From the mass shooting at the Marjory Stoneman Douglas High School to the shootings that take place in Congressional District 24 every week, South Florida is clearly in the midst of a gun crisis that we cannot ignore.
I have long been a proponent of sensible gun-control measures that keep our communities safe while respecting Americans’ Second Amendment rights. In each session of Congress, I have introduced and co-sponsored legislation that would help accomplish that goal. So I am angry and dismayed by the unwillingness of lawmakers across the nation to take the steps necessary to stem these senseless acts of violence, choosing instead to put the demands of the NRA over the safety of our citizens.
I am not, however, willing to wait for others to act and am committed to doing all that I can to address the pandemic of gun violence and fear gripping my district — and the nation.
On April 5, I hosted a town hall meeting on this issue during which children shared accounts about gun violence’s adverse impact on their lives. As I noted that night, it was the first of a series of such events that I plan to hold.
At some schools, children are forced to decide not whether to join a gang, but which gang they will join. They are afraid to walk home from school because they don’t want to be targeted.
In an effort to make our schools safe havens again, I am working with Miami Mayor Francis Suarez and Miami Police Chief Jorge Colina to address the role that gangs play in gun violence. A group of community ministers, led by Pastor Carl Johnson and Pastor Larrie Lovett, also is part of our team.
Gangs have an oversized presence in both homes and schools. Recently, this deadly combination led to the deaths two Northwestern Senior High students and sent two others to the hospital.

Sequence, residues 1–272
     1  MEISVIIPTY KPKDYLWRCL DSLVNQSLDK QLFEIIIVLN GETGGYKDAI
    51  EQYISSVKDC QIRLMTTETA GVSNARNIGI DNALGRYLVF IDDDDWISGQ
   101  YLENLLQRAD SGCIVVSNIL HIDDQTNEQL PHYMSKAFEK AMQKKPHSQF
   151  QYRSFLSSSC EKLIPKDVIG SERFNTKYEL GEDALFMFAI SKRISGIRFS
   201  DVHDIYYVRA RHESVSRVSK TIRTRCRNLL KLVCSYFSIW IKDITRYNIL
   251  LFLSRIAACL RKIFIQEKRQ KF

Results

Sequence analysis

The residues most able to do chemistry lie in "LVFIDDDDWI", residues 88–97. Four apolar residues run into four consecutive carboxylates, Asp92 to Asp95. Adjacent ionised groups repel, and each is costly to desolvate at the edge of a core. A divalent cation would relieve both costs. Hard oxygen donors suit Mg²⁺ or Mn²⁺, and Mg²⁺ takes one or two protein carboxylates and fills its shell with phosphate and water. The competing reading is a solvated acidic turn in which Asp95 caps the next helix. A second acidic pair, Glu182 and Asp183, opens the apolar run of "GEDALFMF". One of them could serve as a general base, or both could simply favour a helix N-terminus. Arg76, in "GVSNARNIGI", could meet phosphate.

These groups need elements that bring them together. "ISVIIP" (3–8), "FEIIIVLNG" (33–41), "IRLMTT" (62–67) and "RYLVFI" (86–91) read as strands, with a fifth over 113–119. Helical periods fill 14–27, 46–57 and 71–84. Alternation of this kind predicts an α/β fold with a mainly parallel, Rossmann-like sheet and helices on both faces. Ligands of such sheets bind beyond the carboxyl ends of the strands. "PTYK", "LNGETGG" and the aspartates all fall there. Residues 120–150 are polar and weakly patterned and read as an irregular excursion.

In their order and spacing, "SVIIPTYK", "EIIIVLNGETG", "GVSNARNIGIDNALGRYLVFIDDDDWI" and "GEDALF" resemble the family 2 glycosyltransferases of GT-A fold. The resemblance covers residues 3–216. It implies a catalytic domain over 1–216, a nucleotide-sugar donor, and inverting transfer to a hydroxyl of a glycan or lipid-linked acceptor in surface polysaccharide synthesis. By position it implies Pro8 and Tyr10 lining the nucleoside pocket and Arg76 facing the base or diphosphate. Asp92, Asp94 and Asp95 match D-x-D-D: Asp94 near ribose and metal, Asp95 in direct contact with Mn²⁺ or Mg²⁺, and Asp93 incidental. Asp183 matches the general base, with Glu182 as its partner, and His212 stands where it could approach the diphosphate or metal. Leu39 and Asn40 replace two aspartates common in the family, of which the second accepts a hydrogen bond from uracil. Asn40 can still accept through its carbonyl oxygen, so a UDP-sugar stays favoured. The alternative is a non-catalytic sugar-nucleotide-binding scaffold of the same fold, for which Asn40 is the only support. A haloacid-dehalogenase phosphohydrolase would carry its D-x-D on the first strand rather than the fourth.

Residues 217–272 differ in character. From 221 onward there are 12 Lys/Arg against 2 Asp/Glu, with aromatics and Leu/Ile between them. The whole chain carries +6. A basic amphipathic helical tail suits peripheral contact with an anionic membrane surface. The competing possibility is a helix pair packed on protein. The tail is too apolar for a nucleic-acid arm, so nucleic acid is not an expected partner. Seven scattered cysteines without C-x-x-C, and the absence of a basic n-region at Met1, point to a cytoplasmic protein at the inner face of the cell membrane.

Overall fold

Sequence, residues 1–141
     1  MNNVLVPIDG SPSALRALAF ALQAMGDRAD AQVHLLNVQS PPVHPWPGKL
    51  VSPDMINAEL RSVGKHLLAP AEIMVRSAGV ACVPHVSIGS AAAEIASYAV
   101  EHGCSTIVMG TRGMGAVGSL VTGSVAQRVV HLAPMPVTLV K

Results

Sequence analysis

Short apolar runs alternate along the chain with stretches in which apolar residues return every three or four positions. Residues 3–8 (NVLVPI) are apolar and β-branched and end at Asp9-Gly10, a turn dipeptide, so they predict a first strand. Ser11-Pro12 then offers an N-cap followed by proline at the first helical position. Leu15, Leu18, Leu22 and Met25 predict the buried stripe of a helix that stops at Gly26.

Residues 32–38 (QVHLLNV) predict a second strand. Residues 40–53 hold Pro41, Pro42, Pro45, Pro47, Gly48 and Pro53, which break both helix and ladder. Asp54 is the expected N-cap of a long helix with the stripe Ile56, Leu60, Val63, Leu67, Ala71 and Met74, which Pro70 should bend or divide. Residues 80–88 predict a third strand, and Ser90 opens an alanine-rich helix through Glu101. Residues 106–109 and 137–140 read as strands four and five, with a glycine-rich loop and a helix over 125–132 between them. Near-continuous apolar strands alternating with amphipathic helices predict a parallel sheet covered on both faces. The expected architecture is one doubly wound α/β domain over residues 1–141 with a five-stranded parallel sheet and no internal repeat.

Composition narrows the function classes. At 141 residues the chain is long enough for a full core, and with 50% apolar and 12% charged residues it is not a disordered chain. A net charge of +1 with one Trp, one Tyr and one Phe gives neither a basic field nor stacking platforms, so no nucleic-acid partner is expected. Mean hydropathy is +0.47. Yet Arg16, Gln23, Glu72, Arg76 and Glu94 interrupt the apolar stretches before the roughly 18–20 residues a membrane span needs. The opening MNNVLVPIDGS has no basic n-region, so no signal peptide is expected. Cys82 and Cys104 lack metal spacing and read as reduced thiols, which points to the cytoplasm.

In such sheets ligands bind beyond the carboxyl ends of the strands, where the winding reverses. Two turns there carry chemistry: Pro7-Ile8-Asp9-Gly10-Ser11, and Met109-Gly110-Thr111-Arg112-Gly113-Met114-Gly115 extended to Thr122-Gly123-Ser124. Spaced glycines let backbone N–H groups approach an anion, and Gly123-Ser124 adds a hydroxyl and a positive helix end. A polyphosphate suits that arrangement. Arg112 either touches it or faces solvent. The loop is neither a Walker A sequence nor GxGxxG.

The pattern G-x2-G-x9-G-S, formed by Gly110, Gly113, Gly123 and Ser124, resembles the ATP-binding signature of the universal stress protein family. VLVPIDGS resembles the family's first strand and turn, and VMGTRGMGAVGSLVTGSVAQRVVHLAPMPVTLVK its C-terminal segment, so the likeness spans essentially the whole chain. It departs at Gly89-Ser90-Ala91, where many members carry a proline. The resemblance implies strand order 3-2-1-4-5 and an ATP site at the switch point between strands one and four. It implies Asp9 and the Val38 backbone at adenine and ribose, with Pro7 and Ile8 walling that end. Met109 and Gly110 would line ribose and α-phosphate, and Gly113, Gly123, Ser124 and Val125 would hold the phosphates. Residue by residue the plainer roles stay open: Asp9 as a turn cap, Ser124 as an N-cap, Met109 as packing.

So in addition to requesting that a specialist in gang violence be embedded in our police departments, I also have begun what will be a series of discussions with Assistant U.S. Attorney Benjamin Greenberg about strategies to address gang and gun violence in Miami-Dade and Broward counties. In May, I plan to convene a meeting with key stakeholders from our local police departments, the U.S. and state attorney offices, elected officials, and education leaders, including Broward and Miami-Dade school superintendents.
We’ve just seen the anniversaries of two tragic events: 11 years since the mass shooting at Virginia Tech University that killed 33 people and 22 years since two teenage shooters killed 13 students and injured dozens of others at Columbine High School. After each of these tragedies, we wrung our hands and said, “Never again.”
Not good enough.
Since 1999, there have been shootings at 193 schools, 10 per year on average. Children of color represent 63% of students who’ve been exposed to gun violence at school. Eleven years after the Virginia Tech shooting, 300 kids in Miami have lost their lives to gun violence. In a one-year period, 8,280 shots were fired in Liberty City, Little Haiti and Overtown.
I have met with young people imprisoned for killing someone, and each one has said that their lives would have taken a different path if they’d had a parent, a mentor — any caring adult — to steer them in the right direction. Are we spending our resources to target the most at-risk in our population — black boys? In addition to partnering with local law enforcement and Department of Justice officials, I am committed to working with community organizations, elected officials, pastors, students and mentors to not just talk, but take meaningful action.
U.S. Rep. Frederica Wilson, a Democrat, represents Florida’s 24th Congressional District in Miami and Broward counties.